When Australian mum Laura took her young family to the “happiest place on earth”, she didn’t expect a fight for her right to breastfeed. Laura, who does not want her surname published, is based in Paris with her French husband, and the couple had promised their five-year-old her first trip to Disneyland after months of coronavirus confinement.
While her husband and daughter went on a ride during their visit, Laura breastfed her two-month-old on a bench. Soon, she had two guards standing over her and another, undercover and sitting next to her, telling her to cover up. When Laura said “no”, they told her to move on or use the park’s only baby care room, arguing her breastfeeding was offensive to other patrons.
“They were trying to make me feel shame,” Laura said.
“At the beginning I felt humiliated, I felt so vulnerable in this really intimate time and something that I considered completely normal and natural.”
The commotion drew the attention of a pregnant woman who started breastfeeding next to Laura in solidarity.
It stirred a social media storm in France, where there’s debate about legal protections for breastfeeding mothers in a country with some of the lowest rates in the first world.
Laura, who was herself raised in Alice Springs, is speaking out because she doesn’t want others being confronted.
Talking to loved ones in Australia, they’ve told her it wasn’t unusual for them to feel uncomfortable feeding in public.
“Although Australia’s laws do support and protect women, I think there needs to be more done in terms of education about breastfeeding and normalising (it),” she said.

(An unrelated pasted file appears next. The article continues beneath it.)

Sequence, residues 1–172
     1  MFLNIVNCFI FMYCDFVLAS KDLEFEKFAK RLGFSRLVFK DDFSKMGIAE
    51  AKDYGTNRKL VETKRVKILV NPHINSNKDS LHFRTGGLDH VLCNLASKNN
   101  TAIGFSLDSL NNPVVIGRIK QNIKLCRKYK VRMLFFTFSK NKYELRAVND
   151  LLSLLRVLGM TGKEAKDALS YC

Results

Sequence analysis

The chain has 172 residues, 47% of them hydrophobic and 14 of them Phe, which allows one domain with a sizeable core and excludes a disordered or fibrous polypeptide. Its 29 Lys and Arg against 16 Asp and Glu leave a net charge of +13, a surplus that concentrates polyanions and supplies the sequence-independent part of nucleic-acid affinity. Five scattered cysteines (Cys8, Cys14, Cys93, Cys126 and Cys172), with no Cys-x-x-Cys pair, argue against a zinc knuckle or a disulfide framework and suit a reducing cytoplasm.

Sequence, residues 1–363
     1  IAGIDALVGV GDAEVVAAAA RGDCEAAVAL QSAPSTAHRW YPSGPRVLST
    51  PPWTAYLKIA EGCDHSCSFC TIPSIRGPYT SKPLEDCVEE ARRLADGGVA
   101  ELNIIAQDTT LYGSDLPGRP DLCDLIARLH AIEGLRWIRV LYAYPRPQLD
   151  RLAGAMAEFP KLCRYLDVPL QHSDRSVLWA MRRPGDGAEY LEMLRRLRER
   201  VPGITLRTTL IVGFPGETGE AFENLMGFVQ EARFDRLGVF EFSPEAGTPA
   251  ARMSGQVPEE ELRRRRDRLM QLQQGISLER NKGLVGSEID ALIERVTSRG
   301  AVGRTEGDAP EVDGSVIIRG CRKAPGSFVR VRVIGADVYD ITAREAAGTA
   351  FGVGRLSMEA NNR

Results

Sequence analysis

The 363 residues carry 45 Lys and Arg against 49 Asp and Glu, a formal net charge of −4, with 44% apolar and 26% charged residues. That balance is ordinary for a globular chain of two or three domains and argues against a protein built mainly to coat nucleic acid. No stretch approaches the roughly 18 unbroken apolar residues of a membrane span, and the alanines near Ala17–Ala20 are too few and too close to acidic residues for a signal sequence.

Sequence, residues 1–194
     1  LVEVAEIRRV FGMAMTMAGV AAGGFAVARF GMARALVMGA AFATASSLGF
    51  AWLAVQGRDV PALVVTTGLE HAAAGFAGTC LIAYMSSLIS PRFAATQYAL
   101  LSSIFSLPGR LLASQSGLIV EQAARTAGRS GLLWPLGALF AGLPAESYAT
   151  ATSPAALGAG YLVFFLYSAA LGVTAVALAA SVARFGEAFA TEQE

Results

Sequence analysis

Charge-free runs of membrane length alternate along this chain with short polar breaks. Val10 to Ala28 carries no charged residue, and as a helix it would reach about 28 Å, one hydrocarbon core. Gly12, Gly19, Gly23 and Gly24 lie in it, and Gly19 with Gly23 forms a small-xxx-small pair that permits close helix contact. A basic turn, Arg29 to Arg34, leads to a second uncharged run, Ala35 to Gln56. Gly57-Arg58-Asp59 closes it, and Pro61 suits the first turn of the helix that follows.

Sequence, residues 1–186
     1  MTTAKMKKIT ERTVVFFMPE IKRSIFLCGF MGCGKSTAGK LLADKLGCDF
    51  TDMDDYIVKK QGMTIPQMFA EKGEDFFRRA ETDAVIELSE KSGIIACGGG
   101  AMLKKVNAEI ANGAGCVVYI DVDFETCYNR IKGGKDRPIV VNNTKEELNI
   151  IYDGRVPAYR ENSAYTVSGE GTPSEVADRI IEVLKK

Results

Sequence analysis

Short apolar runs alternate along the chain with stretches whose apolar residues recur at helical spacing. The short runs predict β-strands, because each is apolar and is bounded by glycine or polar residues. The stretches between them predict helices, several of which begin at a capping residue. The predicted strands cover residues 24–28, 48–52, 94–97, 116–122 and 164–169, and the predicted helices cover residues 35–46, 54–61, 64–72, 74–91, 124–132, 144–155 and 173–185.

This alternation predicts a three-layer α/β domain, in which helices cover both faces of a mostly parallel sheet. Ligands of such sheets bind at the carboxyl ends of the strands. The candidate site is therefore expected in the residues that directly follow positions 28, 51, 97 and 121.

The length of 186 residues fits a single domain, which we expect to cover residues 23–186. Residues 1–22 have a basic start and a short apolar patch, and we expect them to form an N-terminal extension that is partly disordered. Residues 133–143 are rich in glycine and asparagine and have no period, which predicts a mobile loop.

Australian Breastfeeding Association’s Miranda Hull says it’s hard to know attitudes in Australia because they haven’t been surveyed since 2010.
As recently as March this year a Gold Coast mother was asked to move on after she began breastfeeding at a shopping centre in front of luxury designer stores. “Unfortunately, of course, we really only hear about this topic when someone is challenged about breastfeeding in public,” Ms Hull said. “It’s extremely rare that someone is going to say something. But if they do, it can help to just have a statement ready to go that can be as simple as, it’s, it’s my legal right to be here and it’s my legal right to breastfeed my baby.”
Ms Hull said small things can help a lot when someone is trying to breastfeed, such as offering to cut up food so they can eat with one hand, asking if they need water or volunteering to help contain a toddler.
AAP contacted Disneyland Paris for comment but received no reply.
In a response to French newswire AFP, Disney said they “deeply regret this situation and once again apologise to the mother in question”.